Montana has has a rich heritage of FOOD brought by various ethnic groups. Sugar beets are grown in Montana and are second only to sugar cane for sources of sugar. Buffalo roam the plains of Montana and a unique food is Buffalo meat. Festivals, Shows, and Events are held during the year.The Montana Food Bankstrives to meet the nutritional needs of the hungry and homeless in the state.
Before western Montana was obtained from Great Britain in the Oregon Treaty of 1846, American trading posts and FORTS had been established in the territory. Most of them have been destroyed, but some of the forts are historic sites, some have historical markers, and some have structures and/or tours. Fort Benton is known as the birthplace of Montana and is a National Historic Landmark. Fort Assiniboine is now the home of Northern Agricultural Research Center. For Keogh is now on the property of the USDA, ARS Fort Keogh Livestock and Range Research Laboratory. The remains of the original Fort include the parade ground, a flag pole, a wagon shed, and 7 other structures. For Missoula was remodeled and updated between 1908 and 1914. It is now home to the Lolo National Forest headquarters, Bureau of Land Management's regional headquarters, the National Guard, and numerous nonprofit organizations. Fort Owenis part of Fort Owen State Park. Some buildings at Fort Shaw are used by the county school system. A building standing at Fort Connah is said to be the oldest building in the state.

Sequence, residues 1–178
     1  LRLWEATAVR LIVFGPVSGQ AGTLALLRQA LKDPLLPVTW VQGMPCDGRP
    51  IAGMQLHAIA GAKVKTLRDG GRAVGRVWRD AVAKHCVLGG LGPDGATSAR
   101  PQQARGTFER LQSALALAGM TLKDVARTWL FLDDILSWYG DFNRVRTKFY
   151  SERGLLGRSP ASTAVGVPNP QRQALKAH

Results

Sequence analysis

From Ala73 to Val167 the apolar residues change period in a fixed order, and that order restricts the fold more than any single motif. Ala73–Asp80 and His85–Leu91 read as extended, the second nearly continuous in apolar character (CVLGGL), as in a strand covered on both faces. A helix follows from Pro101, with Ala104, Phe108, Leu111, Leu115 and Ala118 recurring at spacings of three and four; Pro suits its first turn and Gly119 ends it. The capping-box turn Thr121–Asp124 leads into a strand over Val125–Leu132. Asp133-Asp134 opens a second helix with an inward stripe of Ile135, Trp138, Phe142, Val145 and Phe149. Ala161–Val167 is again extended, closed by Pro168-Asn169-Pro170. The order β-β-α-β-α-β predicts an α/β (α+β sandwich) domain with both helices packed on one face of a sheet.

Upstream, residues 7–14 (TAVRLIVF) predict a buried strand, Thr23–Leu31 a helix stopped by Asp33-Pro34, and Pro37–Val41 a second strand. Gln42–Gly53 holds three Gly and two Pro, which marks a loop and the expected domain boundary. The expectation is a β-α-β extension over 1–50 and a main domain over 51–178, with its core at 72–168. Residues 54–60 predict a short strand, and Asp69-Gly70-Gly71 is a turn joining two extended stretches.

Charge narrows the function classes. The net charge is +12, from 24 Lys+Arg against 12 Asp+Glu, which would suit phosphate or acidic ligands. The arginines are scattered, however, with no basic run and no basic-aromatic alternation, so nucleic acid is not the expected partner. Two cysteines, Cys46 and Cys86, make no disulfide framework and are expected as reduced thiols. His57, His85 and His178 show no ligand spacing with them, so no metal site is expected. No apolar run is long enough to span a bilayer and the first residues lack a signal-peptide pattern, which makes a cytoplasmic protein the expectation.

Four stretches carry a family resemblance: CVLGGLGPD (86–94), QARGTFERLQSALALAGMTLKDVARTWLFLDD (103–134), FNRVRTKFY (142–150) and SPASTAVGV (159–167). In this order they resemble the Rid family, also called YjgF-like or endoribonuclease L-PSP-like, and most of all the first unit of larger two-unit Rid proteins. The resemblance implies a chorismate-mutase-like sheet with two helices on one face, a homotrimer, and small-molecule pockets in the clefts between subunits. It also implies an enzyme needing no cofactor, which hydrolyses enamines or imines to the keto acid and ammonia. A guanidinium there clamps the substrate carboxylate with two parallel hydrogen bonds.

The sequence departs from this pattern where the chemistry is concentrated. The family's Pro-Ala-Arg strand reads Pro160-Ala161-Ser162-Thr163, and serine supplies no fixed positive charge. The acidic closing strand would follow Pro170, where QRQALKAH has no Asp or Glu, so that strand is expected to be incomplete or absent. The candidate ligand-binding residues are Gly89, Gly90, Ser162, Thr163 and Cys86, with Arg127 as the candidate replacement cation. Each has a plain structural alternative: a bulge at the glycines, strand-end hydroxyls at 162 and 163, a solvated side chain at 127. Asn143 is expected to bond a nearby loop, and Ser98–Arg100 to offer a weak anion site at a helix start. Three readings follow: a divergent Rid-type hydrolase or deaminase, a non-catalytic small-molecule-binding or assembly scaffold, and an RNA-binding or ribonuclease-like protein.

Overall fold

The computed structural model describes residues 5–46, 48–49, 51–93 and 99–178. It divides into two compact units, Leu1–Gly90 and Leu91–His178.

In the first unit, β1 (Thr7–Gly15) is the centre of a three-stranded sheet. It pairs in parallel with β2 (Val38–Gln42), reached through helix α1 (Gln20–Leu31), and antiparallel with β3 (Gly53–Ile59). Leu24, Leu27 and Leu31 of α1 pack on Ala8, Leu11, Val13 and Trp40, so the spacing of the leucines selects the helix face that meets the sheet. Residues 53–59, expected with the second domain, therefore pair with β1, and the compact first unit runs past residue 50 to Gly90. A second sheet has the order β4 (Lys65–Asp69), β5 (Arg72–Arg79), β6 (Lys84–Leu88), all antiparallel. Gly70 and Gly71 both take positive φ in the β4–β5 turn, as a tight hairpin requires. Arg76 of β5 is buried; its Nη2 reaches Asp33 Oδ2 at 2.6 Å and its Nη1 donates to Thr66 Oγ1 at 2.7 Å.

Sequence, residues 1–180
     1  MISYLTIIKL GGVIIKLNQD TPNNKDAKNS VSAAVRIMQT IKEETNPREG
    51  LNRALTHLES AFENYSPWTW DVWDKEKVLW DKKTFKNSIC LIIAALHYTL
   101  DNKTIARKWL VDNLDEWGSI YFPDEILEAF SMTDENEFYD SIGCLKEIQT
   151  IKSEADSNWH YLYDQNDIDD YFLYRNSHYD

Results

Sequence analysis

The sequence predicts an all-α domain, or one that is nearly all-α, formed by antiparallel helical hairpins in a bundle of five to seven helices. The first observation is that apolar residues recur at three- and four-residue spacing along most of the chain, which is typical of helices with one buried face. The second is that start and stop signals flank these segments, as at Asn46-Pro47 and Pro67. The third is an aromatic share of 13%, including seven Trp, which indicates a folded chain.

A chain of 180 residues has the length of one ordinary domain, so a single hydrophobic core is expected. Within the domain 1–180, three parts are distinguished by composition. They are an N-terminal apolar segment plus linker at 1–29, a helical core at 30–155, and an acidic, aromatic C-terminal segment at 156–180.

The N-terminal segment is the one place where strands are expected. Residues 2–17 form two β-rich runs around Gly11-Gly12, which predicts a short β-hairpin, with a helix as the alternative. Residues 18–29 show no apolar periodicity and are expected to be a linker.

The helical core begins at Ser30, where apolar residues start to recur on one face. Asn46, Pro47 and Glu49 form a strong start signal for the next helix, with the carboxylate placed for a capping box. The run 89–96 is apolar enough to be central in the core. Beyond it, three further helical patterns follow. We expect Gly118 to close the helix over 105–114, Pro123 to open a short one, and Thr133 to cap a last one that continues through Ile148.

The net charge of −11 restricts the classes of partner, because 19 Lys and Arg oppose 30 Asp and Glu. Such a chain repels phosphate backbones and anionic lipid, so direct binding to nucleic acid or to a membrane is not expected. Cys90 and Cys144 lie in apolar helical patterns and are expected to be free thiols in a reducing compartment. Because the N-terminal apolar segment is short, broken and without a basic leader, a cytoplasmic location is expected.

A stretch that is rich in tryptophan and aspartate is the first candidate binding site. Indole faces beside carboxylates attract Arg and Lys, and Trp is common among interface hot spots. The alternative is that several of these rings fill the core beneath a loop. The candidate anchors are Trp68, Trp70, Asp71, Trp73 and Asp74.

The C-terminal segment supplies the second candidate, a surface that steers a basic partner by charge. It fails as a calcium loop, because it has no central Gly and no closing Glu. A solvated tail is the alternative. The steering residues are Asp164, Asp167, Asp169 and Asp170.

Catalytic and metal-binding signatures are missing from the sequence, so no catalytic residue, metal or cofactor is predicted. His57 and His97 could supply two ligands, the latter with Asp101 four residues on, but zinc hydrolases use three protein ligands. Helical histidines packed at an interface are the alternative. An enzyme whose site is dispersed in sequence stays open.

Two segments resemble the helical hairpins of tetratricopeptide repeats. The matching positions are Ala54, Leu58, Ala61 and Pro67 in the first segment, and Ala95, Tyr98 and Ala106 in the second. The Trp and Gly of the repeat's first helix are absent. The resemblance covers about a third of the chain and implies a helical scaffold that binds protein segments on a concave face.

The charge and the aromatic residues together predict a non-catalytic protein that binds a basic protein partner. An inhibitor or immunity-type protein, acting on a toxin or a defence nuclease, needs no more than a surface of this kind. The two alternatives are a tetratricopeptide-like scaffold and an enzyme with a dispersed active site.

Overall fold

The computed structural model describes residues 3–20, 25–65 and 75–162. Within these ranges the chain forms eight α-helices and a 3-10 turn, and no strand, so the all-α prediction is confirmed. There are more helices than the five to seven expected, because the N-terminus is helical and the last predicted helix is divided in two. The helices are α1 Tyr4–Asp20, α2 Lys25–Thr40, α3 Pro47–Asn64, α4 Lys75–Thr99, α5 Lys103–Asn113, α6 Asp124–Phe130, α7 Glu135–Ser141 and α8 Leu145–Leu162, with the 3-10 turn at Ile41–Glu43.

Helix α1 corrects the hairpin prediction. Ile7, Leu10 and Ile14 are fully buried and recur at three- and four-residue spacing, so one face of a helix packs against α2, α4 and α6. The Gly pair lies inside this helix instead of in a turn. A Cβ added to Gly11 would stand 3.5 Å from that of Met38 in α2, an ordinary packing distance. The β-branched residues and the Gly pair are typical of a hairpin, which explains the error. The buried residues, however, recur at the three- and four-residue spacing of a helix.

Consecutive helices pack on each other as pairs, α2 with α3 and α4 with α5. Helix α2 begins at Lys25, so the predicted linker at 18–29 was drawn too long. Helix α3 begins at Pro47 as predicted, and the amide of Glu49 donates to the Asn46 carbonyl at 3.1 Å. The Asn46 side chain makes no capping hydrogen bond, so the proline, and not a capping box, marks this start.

Montana has many GHOST TOWNS. The Garnet Preservation Association is dedicated to protect and preserve Garnet Ghost town. The Coloma Ghost Town still has mining shafts, ventilation systems, pumping machines and remains of narrow-gauge railroad tracks. Hecla has a few ruined buildings. In 1864, Bannack briefly served as the capital of Montana Territory. It has been preserved as a ghost town state park and has more than 50 buildings including houses, a church, and the 1st jail in the state.
The GLOBAL POSTION of Montana is approximately 44-49 degrees north and 104-116 degrees west. Fergus is the geographic center of the state. The topography of Montana ranges from about 900 ft to 4,000 ft. with high mountains to rolling plains. Granite Peak is the highest point and the Kootenai River is the lowest. The place where the mountains rise from the plains is called The Rocky Mountain Front. Geocaching is a high tech game using a Global Positioning System, and there are geocaches throughout Montana. The topography of the state
The HISTORY of what is now the state of Montana can be traced back to the time of the dinosaurs - 80,000,000- 60,000,000 B.C. The first inhabitants of the area arrived about 12,000 BC. The first European to enter the area was Sieur de la Varendry who arrived about 1743. Lewis and Clark played an important part in the exploration of Montana. The state only played a small part in the Civil War.The state has many History Museums and participates in National History Day.